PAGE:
Do we comprehend the difference between confrontation and corrosion? When it comes to relationships, strong and worthwhile ones can withstand healthy confrontation.
Confrontation is uncomfortable yet positively productive.
It leads to more growth, mutual understanding and all in all, a better relationship. Though it is temporarily uncomfortable, healthy and loving confrontation is not corroding to self or the relationship.
Weak relationships crumble at any sign of pressure or stress. This pressure which could be beneficial in the long run is mistaken for toxicity. A true friend will hear you out because they value you as a person. This is the opposite of selfishness. Real friends do not think only of themselves! They don’t think of you as a mere extension of themselves. They are not threatened by your honesty or feelings. They don’t love you for the sole reason that you make them “feel good” at all costs.
Toxic relationships corrode one or both individuals. Instead of addressing issues head on, one attacks the character of the other (gaslighting). This is damaging.
Recently, I was chatting with some friends of mine about this topic. Conflict in healthy relationships cannot equate with poison in toxic ones.
Many are deathly afraid of confrontation.
This stalls their personal growth as well as growth in a relationship. They excuse good relationships as “toxic”, a word that is too common these days. It’s often thrown around at the first sign of discomfort. They confuse personal discomfort with toxicity. We tend to like comfort in our lives and relationships at all costs. We avoid the hard conversations to make ourselves feel good. We stay in our protected bubble. In our ignorance and narrow views, we often lose relationships that could have been amazing. This is tragic!
It’s also a danger to ignore the warning signs of toxic relationships. We have the intuition to know when someone is trying to bring us down and destroy us as an individual, right? Any relationship that sucks the very life blood out of us and disables us from being valuable to our children, families and other friends…needs to go. For those of us who tend to see the good in people at our own expense, we may stay in a poisonous relationship (to our own detriment).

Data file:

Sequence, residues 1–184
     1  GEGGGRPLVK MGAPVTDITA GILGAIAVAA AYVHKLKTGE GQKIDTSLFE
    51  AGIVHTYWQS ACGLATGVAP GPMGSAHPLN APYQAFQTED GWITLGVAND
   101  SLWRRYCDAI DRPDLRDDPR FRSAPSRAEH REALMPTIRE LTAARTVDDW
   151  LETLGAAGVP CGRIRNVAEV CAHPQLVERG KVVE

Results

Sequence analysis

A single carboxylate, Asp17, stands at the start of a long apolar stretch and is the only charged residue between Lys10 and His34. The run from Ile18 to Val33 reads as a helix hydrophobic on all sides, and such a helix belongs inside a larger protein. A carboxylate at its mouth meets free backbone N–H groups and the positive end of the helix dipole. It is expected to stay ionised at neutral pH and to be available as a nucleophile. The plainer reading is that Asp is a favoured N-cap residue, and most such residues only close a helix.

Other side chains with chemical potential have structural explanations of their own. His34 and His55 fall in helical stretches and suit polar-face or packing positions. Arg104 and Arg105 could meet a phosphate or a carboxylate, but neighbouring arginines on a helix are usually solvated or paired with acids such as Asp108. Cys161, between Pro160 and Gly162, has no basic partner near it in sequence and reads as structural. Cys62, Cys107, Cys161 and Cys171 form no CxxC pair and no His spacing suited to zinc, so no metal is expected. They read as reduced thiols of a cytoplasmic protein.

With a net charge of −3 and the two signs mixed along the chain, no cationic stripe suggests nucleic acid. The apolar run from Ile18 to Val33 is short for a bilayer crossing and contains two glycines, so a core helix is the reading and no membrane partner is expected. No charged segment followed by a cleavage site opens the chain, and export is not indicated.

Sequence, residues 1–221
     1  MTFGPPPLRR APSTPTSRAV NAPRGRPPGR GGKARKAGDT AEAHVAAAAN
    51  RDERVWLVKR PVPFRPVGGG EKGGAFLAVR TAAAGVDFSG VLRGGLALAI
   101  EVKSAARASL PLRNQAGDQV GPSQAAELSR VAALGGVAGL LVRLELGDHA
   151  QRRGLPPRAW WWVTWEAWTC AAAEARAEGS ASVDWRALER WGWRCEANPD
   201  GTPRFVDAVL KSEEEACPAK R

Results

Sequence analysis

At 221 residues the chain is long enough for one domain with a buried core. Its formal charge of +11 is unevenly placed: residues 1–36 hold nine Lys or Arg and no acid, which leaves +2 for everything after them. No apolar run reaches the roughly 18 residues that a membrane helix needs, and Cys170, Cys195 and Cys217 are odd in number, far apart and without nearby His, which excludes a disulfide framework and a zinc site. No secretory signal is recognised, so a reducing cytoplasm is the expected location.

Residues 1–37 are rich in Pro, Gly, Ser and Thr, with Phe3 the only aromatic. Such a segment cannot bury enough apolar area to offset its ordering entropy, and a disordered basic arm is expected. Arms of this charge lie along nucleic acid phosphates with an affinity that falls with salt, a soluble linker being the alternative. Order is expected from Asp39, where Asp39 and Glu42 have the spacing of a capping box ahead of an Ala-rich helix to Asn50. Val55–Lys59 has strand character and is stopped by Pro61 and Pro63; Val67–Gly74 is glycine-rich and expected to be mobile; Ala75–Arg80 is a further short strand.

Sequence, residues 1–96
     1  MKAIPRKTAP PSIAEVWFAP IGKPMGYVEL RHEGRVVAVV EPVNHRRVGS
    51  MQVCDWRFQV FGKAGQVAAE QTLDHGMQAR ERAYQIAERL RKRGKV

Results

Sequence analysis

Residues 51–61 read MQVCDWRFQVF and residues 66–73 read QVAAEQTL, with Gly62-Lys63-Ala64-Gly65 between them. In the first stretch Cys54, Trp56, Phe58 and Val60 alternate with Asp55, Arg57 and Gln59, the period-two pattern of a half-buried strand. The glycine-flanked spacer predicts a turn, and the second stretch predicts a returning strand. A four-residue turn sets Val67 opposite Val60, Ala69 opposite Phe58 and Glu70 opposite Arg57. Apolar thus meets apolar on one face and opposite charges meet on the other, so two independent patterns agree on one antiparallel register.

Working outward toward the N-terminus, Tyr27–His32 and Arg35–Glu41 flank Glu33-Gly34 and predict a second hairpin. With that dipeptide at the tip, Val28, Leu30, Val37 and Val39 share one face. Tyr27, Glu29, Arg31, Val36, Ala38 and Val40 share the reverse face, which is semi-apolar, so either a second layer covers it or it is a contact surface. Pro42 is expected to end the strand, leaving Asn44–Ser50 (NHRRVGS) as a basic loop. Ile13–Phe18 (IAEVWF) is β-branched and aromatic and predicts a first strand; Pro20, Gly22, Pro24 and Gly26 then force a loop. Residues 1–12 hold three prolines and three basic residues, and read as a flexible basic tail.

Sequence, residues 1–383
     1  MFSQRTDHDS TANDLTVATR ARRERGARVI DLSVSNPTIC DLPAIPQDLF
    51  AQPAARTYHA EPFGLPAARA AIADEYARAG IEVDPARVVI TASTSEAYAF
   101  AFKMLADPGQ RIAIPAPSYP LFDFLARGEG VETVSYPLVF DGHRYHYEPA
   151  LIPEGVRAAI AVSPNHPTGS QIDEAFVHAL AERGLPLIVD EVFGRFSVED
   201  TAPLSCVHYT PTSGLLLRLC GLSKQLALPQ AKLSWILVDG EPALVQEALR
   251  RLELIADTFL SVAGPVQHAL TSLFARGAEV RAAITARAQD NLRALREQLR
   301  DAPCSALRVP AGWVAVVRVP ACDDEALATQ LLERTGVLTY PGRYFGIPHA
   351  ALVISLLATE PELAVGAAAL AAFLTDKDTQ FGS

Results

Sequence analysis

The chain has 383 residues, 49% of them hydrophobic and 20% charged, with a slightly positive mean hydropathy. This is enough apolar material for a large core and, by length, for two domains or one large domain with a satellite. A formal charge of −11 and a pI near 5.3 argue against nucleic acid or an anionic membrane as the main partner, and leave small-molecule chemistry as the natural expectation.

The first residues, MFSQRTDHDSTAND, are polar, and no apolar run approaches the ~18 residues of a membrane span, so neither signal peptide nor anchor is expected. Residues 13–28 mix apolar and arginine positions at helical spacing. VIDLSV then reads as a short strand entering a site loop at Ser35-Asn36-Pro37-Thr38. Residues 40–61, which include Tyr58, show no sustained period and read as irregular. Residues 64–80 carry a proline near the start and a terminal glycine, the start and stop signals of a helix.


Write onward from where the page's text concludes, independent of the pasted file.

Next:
Relationships are supposed to be life-giving, and that includes uncomfortable yet positive growth.
Still, how often do we dismiss worthwhile relationships and keep poisonous ones?
Toxicity can come in subtle, disguised forms of poison.
We all have people in our lives who “multiply kisses” and overdose on the compliments as they try to make us feel “warm and fuzzy” all the time. These individuals avoid the hard conversations. Instead, they let conflict and their true feelings fester. Instead of addressing the issue one-to-one, they let gossip spread. They adhere to the “think positive” (i.e., sweep everything under the rug) movement at the expense of positive growth! This is corroding.
Could it be that these are well-disguised toxic relationships? As the saying goes, “Whoever rebukes a man will afterward find more favor than he who flatters with his tongue.”
They may not be good for us at all. These may be relationships that are covert poisons…ones that should expire.
In healthy relationships, the two parties value each other enough to confront with love.
Their mutual respect leads them to engage in the difficult conversations.
When it comes to confrontation and corrosion, God forbid we confuse the two! It would be just as tragic to lose a good relationship thinking it is “toxic” as staying in a toxic relationship thinking it is “good.”
Every good relationship will go through testing from time to time. May we have the wisdom to discern between the tested ones worth fighting for and the corrosive ones worth leaving.
Attached: The New Science of Adult Attachment and How It Can Help You Find – and Keep – Love by Dr. Amir Levine
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